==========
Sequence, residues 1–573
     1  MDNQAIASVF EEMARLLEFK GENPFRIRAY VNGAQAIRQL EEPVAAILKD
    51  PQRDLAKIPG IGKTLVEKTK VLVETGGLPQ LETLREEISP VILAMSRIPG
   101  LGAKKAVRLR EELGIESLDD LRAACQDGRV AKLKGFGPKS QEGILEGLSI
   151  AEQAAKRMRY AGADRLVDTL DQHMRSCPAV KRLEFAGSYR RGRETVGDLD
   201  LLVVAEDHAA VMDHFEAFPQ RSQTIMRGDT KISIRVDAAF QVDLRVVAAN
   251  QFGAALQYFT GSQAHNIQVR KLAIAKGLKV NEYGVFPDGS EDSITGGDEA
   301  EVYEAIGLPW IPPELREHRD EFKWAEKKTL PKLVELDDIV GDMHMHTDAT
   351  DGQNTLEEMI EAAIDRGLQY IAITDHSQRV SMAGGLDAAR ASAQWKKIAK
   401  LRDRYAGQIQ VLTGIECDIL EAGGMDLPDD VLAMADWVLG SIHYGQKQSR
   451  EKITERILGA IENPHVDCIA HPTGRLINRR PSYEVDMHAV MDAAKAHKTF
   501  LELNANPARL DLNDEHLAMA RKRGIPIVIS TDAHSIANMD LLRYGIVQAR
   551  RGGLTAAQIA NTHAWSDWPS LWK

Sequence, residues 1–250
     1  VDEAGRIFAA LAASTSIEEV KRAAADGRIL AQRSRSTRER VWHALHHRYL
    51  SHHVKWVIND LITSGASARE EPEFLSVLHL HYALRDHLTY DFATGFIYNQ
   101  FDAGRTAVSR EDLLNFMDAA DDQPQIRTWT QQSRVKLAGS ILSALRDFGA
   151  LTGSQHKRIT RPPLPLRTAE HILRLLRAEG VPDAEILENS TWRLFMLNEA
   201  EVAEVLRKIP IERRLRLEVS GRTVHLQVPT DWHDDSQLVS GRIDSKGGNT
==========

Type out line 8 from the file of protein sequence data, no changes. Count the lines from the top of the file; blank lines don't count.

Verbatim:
   301  EVYEAIGLPW IPPELREHRD EFKWAEKKTL PKLVELDDIV GDMHMHTDAT